• [0034]
    In addition, one or more of the process chambers 308 a-f may be configured as a wet treatment chamber. These process chambers include heating the flowable dielectric film in an atmosphere that include moisture. Thus, embodiments of system 300 may include wet treatment chambers 308 a-b and anneal processing chambers 308 c-d to perform both wet and dry anneals on the deposited dielectric film.
  • [0035]
    FIG. 4A is a substrate processing chamber 400 according to disclosed embodiments. A remote plasma system (RPS) 410 may process a gas which then travels through a gas inlet assembly 411. Two distinct gas supply channels are visible within the gas inlet assembly 411. A first channel 412 carries a gas that passes through the remote plasma system RPS 410, while a second channel 413 bypasses the RPS 400. The first channel 402 may be used for the process gas and the second channel 413 may be used for a treatment gas in disclosed embodiments. The lid (or conductive top portion) 421 and a perforated partition 453 are shown with an insulating ring 424 in between, which allows an AC potential to be applied to the lid 421 relative to perforated partition 453. The process gas travels through first channel 412 into chamber plasma region 420 and may be excited by a plasma in chamber plasma region 420 alone or in combination with RPS 410. The combination of chamber plasma region 420 and/or RPS 410 may be referred to as a remote plasma system herein. The perforated partition (also referred to as a showerhead) 453 separates chamber plasma region 420 from a substrate processing region 470 beneath showerhead 453. Showerhead 453 allows a plasma present in chamber plasma region 420 to avoid directly exciting gases in substrate processing region 470, while still allowing excited species to travel from chamber plasma region 420 into substrate processing region 470.
  • [0036]
    Showerhead 453 is positioned between chamber plasma region 420 and substrate processing region 470 and allows plasma effluents (excited derivatives of precursors or other gases) created within chamber plasma region 420 to pass through a plurality of through holes 456 that traverse the thickness of the plate. The showerhead 453 also has one or more hollow volumes 451 which can be filled with a precursor in the form of a vapor or gas (such as a silicon-containing precursor) and pass through small holes 455 into substrate processing region 470 but not directly into chamber plasma region 420. Showerhead 453 is thicker than the length of the smallest diameter 450 of the through-holes 456 in this disclosed embodiment. In order to maintain a significant concentration of excited species penetrating from chamber plasma region 420 to substrate processing region 470, the length 426 of the smallest diameter 450 of the through-holes may be restricted by forming larger diameter portions of through-holes 456 part way through the showerhead 453. The length of the smallest diameter 450 of the through-holes 456 may be the same order of magnitude as the smallest diameter of the through-holes 456 or less in disclosed embodiments.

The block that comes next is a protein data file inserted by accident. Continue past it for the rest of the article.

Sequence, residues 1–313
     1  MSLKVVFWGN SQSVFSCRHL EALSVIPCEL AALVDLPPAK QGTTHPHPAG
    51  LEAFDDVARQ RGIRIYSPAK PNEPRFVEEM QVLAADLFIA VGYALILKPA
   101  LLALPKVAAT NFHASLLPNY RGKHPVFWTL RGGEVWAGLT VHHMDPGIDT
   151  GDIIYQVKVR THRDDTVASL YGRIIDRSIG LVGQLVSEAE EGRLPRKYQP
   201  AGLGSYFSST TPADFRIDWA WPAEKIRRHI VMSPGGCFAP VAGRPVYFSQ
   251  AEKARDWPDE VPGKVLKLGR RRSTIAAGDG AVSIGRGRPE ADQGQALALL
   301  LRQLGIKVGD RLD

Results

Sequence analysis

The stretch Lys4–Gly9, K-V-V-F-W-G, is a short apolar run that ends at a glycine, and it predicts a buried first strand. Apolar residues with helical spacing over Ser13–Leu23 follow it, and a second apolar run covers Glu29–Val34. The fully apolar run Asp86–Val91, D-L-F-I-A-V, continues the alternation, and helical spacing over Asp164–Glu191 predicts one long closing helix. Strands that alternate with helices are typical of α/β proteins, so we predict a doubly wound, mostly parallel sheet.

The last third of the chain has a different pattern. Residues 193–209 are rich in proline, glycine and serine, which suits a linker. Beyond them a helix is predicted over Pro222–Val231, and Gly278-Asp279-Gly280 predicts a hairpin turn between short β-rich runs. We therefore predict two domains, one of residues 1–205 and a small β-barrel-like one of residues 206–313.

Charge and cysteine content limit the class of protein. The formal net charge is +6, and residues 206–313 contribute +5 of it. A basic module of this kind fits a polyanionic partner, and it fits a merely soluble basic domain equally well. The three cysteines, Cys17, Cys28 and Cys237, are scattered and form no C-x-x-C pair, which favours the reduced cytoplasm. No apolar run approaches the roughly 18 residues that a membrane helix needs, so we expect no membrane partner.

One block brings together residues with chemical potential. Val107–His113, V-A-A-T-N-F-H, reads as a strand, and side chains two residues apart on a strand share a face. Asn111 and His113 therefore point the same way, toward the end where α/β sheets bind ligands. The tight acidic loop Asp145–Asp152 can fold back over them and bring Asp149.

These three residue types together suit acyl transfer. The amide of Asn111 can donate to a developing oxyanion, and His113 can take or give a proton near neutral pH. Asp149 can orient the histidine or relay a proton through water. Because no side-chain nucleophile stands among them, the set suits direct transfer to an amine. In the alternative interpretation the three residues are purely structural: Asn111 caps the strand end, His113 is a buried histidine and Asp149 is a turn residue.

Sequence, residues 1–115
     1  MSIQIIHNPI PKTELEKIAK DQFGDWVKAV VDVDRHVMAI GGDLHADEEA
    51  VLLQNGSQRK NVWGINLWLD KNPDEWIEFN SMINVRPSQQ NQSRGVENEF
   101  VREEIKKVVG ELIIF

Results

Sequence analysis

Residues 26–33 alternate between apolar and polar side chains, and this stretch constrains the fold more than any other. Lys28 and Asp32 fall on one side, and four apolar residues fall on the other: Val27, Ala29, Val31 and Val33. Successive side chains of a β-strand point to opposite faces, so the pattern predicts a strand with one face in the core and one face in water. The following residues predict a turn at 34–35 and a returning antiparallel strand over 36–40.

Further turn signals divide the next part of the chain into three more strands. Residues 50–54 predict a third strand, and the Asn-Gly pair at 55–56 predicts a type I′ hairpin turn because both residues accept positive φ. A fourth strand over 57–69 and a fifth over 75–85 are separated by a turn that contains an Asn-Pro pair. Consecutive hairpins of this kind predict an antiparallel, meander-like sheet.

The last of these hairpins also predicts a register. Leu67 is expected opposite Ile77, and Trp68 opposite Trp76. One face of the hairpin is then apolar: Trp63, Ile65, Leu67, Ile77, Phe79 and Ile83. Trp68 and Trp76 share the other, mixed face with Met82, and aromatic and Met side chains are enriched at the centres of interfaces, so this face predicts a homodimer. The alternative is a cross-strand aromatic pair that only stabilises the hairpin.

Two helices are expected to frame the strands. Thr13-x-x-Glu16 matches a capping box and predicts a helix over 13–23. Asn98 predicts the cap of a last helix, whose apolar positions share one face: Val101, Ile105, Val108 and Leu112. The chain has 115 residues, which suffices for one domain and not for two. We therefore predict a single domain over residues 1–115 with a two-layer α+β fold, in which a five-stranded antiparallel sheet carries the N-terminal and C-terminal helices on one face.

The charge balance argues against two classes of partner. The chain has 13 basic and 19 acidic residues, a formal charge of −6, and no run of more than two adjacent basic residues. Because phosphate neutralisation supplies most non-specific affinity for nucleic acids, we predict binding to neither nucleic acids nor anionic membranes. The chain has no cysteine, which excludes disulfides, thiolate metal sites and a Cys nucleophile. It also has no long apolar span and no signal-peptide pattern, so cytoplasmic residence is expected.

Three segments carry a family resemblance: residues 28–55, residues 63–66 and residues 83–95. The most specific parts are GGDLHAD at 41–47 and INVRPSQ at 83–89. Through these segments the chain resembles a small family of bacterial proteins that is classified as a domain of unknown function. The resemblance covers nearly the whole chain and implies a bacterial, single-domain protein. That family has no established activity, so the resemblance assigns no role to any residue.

• [0037]
    In the embodiment shown, showerhead 453 may distribute (via through holes 456) process gases which contain excited plasma effluents created from inert gases excited by a plasma in chamber plasma region 420. In embodiments, process gases excited in RPS 410 and/or chamber plasma region 420 include argon, xenon, neon and/or helium. Generally speaking, the process gas introduced into the RPS 410 and/or chamber plasma region 420 through first channel 412 may contain one or more of argon, xenon, neon, helium, oxygen (O2), ozone (O3), N2O, NO, NO2, NH3 and NxHy including N2H4. The second channel 413 may also deliver a process gas and/or a carrier gas, and/or a film-curing gas used to remove an unwanted component from the growing or as-deposited film. Effluents from the plasma region include ionized, electronically excited or ground state constituents and derivatives of the process gas.